If you were my daughter

I would say . . .

They will tell you what you are supposed to be. How you are supposed to look. How you should feel and act.

Their expectations will overwhelm you.

But at some point—because you are going to be one of the lucky ones–you’re going to question it.

Because if all they say is true:

Why are they pushing so hard?

Why would they need to?

And why is what they expect the source of such struggle and angst?

You’ll try at first. Because, of course, you will.

You will attempt to re-mold the shape and size of your body. You will wear clothes that feel uncomfortable and tight; shoes that cause your feet to blister and swell. You will spend thousands of dollars and hours on beauty products that promise flawless skin; shiny, soft hair; smoky, mysterious eyes; and lips such a shape and color they will cause men to imagine how they would feel wrapped around their dick. You will declare war on hair in places where hair just should not be.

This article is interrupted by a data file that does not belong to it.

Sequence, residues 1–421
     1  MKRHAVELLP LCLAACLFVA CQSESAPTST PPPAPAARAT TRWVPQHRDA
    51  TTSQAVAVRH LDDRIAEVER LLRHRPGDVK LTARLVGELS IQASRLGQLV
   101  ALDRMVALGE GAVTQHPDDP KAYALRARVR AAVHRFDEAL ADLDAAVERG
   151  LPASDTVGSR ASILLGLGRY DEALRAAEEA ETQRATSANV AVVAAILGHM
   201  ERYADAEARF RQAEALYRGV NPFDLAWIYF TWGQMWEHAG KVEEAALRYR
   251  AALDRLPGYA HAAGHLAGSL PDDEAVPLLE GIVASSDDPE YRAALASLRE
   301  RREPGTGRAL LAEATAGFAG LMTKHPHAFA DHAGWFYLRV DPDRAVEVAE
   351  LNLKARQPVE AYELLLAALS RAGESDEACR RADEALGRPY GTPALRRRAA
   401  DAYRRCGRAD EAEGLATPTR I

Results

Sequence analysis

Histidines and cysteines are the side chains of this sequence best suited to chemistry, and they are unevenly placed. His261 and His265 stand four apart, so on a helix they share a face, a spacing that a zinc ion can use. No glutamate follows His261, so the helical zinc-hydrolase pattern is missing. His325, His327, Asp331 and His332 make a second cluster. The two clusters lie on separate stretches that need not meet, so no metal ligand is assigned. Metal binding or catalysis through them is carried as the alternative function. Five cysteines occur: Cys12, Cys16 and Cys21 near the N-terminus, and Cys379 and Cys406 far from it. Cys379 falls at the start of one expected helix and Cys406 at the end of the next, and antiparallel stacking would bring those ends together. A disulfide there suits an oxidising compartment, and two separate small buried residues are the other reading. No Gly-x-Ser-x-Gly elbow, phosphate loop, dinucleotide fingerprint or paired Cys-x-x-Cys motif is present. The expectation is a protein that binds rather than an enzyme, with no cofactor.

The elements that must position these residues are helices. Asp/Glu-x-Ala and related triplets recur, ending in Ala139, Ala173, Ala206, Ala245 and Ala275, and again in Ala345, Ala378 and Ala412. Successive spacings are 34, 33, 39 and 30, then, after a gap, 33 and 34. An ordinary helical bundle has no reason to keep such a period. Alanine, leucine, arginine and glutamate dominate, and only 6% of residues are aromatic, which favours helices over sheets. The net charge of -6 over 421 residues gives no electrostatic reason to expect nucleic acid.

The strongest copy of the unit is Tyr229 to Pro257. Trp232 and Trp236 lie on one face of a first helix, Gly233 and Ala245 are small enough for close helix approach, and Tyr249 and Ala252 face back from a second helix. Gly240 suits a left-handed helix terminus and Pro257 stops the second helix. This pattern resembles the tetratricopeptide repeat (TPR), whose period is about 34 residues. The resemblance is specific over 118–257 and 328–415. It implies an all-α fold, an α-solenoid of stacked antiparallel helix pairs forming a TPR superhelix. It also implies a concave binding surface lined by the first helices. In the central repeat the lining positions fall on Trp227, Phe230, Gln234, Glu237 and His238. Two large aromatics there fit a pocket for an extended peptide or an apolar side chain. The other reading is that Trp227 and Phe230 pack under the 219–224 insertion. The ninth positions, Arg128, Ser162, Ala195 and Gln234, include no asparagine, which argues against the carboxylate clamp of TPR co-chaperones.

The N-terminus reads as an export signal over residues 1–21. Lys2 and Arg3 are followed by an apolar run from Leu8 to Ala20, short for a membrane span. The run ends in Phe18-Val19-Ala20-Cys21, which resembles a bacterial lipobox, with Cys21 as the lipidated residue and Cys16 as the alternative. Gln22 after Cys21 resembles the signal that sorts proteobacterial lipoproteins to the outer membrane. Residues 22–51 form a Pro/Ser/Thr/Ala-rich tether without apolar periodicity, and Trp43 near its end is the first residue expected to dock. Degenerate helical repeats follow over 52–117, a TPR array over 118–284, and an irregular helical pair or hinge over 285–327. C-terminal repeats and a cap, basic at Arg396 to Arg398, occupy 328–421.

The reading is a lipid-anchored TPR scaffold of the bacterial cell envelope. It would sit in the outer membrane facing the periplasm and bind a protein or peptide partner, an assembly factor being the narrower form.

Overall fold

And that’s just the physical aspects of the job.

You will need to be naturally maternal, as a yearning will manifest itself deep inside your womb at the exact, right age telling you you were born to become someone’s mother. Someone’s wife. A sex goddess. An amazing cook. The keeper of the perfect house.

While you may find you have a natural talent for some of these things, you won’t for others. And that will make you feel guilty and like there’s something wrong with you.

But realize, it’s all a part of The Great Big Lie.

Squint your eyes. Take a closer look: the demand of you is on what; not who.

The strange dichotomy is when you stop focusing on the idea of being the right kind of woman and on being the right kind of person is when you become.

That’s the source of the magic, power, and mystique that is uniquely you.

Oh, and by the way, that’s going to piss some off.

And that is how you will know you’ve arrived.

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